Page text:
Serbia's government was plunged into a political crisis as trade talks with the European Union were suspended over Belgrade's failure to arrest Ratko Mladic, the former Bosnian Serb general who is wanted by the UN war crimes tribunal.
The breakdown of the trade deal prompted Serbia's Deputy Prime Minister, Miroljub Labus, to resign, saying he did not want to be part of a government that failed to keep its promises.
Western officials believe that Mladic, who is accused of orchestrating the Srebrenica massacre in 1995, is living in the Belgrade area and have made his arrest a litmus test of Belgrade's co-operation on war crimes.
The UN tribunal's chief war crimes prosecutor, Carla del Ponte, said yesterday: "I was misled when I was told at the end of March that the arrest of Mladic was a matter of days or weeks." She said that the Serbian authorities knew Mladic's location as recently as 10 days ago.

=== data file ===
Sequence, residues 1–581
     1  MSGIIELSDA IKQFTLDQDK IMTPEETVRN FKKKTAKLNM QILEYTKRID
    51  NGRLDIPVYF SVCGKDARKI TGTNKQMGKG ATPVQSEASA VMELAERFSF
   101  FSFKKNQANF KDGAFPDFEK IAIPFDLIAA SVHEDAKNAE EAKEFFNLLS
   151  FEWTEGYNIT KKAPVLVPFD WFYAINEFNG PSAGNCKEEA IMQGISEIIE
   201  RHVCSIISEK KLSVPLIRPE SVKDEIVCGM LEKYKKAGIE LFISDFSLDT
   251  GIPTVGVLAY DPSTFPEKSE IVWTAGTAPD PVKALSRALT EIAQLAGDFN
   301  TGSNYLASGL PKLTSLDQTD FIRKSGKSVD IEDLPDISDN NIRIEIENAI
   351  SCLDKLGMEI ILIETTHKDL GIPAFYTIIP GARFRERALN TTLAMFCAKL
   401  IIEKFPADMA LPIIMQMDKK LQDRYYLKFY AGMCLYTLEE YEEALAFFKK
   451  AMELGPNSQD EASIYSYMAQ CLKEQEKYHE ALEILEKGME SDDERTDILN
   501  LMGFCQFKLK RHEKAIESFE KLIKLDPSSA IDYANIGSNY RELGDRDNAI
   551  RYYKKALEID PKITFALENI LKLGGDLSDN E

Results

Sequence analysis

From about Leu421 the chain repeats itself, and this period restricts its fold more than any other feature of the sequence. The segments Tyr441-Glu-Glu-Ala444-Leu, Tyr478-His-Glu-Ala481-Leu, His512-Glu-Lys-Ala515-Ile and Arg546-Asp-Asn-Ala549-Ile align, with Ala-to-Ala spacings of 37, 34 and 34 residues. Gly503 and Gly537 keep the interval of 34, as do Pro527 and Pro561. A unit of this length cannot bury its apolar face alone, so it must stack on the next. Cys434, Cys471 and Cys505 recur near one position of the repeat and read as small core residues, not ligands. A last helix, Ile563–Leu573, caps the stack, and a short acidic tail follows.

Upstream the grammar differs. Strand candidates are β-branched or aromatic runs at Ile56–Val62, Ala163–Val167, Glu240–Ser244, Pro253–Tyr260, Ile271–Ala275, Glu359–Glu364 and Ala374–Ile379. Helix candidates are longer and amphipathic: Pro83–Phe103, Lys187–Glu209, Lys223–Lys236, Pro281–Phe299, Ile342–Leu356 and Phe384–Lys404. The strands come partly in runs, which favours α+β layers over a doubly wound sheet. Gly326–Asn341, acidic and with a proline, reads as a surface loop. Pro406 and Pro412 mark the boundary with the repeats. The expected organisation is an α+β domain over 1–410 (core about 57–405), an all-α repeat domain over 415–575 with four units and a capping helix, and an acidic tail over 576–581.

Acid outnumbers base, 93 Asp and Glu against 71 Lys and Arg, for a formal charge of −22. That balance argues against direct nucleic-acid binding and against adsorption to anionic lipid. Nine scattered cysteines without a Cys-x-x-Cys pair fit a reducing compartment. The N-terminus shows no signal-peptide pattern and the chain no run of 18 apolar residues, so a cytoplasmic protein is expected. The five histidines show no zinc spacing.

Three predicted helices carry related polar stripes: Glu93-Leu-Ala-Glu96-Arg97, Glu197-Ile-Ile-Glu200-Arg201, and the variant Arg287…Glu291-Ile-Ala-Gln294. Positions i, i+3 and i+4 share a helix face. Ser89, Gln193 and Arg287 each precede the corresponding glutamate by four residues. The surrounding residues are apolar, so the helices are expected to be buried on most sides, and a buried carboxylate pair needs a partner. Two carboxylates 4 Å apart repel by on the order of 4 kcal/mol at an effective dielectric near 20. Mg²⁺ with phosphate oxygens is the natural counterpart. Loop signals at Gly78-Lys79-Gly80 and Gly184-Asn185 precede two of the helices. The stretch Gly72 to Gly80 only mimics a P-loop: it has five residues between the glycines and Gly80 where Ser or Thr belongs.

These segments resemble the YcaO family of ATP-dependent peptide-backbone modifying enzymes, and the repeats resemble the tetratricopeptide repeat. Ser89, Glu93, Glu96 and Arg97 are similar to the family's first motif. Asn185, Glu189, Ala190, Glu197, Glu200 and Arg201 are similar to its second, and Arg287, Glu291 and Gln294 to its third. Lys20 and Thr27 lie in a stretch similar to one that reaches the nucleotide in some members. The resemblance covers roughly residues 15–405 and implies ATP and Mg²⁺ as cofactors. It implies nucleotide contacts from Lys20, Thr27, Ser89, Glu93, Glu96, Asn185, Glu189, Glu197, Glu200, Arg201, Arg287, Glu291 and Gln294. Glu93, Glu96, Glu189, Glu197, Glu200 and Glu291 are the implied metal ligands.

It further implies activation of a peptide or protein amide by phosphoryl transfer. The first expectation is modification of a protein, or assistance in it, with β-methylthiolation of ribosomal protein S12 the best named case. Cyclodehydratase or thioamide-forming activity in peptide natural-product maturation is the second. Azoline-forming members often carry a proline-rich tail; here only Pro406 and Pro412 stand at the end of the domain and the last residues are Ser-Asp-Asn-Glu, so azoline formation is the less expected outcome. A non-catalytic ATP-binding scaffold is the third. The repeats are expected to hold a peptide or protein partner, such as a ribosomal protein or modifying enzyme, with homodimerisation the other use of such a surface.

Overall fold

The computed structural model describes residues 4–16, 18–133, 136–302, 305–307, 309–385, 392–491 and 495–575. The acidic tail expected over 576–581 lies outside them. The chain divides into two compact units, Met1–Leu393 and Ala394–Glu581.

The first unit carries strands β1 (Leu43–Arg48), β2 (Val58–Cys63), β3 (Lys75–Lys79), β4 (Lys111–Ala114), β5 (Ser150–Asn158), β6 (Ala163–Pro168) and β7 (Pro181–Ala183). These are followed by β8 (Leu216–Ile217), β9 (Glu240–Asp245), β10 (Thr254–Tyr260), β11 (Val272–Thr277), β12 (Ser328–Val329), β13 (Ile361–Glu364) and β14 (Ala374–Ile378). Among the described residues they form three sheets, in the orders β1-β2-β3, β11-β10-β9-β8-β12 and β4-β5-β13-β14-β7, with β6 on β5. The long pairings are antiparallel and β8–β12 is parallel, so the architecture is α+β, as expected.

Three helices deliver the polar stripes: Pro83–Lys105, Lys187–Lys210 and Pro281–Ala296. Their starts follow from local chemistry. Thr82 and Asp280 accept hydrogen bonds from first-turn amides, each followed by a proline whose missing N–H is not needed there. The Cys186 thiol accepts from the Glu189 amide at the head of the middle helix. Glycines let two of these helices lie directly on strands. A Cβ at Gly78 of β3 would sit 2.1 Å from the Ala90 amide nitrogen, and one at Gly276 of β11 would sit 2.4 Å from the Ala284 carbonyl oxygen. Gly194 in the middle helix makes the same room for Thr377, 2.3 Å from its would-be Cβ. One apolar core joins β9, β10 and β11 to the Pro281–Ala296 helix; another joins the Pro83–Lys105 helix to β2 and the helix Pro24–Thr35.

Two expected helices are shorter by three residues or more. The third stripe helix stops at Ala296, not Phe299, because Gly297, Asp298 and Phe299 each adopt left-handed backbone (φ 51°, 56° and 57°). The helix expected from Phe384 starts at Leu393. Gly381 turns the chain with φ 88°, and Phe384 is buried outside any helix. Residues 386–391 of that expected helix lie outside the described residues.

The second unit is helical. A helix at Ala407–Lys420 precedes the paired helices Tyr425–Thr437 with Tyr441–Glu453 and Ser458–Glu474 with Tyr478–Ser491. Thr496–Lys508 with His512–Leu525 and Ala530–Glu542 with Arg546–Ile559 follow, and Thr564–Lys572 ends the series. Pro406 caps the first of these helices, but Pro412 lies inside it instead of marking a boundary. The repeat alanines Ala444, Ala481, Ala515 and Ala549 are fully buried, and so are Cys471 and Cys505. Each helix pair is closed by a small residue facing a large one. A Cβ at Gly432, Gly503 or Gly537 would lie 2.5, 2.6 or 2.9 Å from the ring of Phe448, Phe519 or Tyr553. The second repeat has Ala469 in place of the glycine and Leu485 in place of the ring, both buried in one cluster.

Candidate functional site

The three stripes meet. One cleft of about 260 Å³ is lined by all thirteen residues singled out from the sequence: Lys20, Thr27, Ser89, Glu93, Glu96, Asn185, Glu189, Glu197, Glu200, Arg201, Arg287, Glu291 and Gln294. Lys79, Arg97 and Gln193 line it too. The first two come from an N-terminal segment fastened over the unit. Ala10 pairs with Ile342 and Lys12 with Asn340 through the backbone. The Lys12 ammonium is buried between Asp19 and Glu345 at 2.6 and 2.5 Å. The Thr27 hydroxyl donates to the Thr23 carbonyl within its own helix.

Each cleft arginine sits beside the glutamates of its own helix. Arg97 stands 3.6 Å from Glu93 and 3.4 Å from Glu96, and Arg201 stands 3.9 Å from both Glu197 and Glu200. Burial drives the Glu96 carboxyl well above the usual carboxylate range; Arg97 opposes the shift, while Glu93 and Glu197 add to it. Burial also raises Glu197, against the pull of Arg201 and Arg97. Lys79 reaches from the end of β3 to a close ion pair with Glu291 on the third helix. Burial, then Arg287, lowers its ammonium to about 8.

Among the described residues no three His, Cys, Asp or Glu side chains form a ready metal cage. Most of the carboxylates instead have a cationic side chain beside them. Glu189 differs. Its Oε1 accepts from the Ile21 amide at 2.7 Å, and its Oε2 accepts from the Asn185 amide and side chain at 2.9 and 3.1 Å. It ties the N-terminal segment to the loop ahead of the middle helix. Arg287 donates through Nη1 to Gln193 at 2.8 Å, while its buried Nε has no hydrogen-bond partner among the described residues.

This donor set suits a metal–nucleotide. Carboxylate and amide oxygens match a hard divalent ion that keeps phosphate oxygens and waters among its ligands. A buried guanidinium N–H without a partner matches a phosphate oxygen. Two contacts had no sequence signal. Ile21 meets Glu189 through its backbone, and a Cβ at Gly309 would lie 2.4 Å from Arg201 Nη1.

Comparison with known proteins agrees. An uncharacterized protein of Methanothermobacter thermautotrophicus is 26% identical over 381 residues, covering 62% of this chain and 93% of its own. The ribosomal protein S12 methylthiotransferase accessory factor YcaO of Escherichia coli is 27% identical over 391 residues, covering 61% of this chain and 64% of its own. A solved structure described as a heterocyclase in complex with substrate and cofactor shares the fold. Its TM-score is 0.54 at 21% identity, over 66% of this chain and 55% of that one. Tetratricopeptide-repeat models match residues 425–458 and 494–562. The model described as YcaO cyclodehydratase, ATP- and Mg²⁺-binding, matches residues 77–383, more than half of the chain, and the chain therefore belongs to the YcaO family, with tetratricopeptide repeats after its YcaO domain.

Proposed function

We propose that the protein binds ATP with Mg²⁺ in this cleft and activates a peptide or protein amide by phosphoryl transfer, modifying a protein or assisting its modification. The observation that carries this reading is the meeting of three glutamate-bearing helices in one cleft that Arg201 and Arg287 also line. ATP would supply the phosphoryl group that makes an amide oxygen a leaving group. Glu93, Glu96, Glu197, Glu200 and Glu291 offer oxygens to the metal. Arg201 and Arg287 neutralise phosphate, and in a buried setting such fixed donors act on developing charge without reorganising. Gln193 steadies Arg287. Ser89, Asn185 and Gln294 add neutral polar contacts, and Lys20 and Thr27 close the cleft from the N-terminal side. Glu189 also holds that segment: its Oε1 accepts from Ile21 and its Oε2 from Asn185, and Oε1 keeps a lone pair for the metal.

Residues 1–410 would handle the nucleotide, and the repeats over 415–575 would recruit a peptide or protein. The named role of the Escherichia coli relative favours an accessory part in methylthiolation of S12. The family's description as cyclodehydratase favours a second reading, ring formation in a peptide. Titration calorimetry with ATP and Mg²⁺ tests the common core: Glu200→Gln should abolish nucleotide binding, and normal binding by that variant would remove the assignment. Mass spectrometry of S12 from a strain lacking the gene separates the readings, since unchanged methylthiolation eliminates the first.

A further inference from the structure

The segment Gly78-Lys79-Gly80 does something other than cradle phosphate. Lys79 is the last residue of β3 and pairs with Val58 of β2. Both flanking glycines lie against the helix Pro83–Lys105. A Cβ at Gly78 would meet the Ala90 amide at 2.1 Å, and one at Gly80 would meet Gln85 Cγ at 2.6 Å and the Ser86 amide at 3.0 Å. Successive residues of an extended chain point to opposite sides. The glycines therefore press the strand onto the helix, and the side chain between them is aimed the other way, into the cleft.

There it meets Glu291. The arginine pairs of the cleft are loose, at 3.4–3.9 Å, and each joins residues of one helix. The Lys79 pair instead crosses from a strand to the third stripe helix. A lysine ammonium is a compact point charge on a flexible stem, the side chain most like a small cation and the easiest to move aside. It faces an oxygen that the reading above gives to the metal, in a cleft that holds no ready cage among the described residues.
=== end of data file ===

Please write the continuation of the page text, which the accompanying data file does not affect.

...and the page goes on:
UN and EU officials believe that the war crimes suspect is being helped by nationalist elements in the intelligence community. The European commissioner for enlargement, Olli Rehn, said that Belgrade's "security services and particularly military intelligence have not been fully under the civilian, democratic control of the government".
In his letter of resignation, Mr Labus, who is also Serbia's chief negotiator with the EU, said his government had "betrayed the most important interest of the country and citizens of Serbia".Reuse content